How Technology Paves the Way for Passive-Aggressive Behavior

Four reasons why passive-aggressive behavior thrives online.

Posted Apr 02, 2018

HBRH/Shuttertock
Source: HBRH/Shuttertock

Smartphones, email, and social media connect us in new ways but can also be blamed for muddling human connection like nothing before them. Indeed, the same technology that makes real-time contact and around-the-clock communication possible has, in many cases, drastically lessened the amount of time that human beings spend actually interacting. For the passive-aggressive person, who prefers to mask their anger and avoid direct confrontation, this technology paves the perfect path for their hidden hostility. 

This post explains four reasons why passive-aggressive behavior thrives online:

1. Technology takes the human out of human communication. 

In a traditional conversation, when two people are together in the same physical space or even talking with each other over the phone, one person speaks while the other listens. Facial expressions, tone of voice, nodding, affirming vocalizations, and verbal responses are typically matched with eye contact and proximity to effectively communicate meaning and connection. Texts, emails, and social media posts, on the other hand, lack these elements of human communication that convey meaning most effectively. Without them, meaning is much more difficult to interpret correctly. For a passive-aggressive person who thrives on covert hostility and masked meaning, online communication is an ideal medium.

2. Trolling happens.

Like the passive-aggressive person, who maintains strict control over their overt expressions of anger, while covertly provoking frustration and anger in others, internet trolls are known for anonymously sowing discord online. By posting upsetting comments, instigating conflict, and provoking inflammatory discussions, trolls and passive-aggressive people capitalize on the fact that it is far easier to be cruel from behind a keyboard. 

3. Keyboards and screens allow for guilt-free jabs.

Recently, as I spoke with a colleague about the phenomena of online passive aggression, he casually remarked, “Being passive aggressive is just plain fun. Getting back at other people in socially acceptable ways is so easy to do these days now that so much of what we say and do happens through a keyboard instead of person to person.”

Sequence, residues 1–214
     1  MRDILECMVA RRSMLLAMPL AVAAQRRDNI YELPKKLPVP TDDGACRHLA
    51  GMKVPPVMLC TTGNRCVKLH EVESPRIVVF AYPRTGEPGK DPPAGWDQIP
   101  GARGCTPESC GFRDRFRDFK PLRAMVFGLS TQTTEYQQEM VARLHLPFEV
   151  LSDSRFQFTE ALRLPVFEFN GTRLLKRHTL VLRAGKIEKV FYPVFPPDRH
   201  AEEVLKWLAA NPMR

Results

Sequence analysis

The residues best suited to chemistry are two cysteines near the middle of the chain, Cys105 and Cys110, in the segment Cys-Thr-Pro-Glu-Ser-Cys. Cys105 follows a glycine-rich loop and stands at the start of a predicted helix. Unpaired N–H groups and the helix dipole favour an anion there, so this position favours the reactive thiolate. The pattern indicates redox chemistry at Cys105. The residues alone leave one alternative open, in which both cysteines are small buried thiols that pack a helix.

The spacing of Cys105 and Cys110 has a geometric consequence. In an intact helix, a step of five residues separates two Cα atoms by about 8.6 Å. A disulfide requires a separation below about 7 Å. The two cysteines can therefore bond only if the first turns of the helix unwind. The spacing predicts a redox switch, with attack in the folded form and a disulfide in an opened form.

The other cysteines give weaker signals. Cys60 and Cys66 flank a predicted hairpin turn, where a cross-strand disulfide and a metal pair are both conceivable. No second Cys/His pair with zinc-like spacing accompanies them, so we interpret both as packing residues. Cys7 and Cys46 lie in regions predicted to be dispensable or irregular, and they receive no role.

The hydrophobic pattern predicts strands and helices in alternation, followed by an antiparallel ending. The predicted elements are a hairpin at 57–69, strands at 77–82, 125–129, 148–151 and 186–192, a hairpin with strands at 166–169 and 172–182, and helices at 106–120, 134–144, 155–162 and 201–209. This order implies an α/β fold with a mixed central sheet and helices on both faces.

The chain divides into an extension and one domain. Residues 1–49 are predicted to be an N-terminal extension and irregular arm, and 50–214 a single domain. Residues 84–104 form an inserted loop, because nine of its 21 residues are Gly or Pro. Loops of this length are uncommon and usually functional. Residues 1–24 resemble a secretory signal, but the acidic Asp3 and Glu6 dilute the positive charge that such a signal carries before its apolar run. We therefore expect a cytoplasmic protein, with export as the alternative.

“What an honest comment,” I thought, “about such a dishonest way of communicating.” Indeed, taking jabs at others while eluding direct confrontation is the Get-Out-of-Guilt-Free card dealt by today’s technology. As such, it is also the path of least resistance for a passive-aggressive person.

StephanDale
Source: StephanDale

4. The audience is unlimited and endless.

Typically, aggressive behavior occurs as a person-to-person encounter. While there may be witnesses, the size of the audience is restricted to those who happen to be physically present in the moment. With online passive aggression, however, the potential audience is virtually unlimited. Texts, emails, and social media sites allow for endless forwards, shares, and “Likes.” No longer is someone the object of one person’s anger. Rather with technology, a person can become humiliated worldwide. What’s more, passive-aggressive behavior carried out online has the potential to wound its victims endlessly, as embarrassing photos, anonymous posts, and innuendo remain on the internet indefinitely. 

References

Long, N., Long, J. and Whitson, S. (2017).  The Angry Smile: The New Psychological Study of Passive Aggressive Behavior at Home, at School, in Marriages and Close Relationships, in the Workplace and Online.  Hagerstown, MD: LSCI Institute.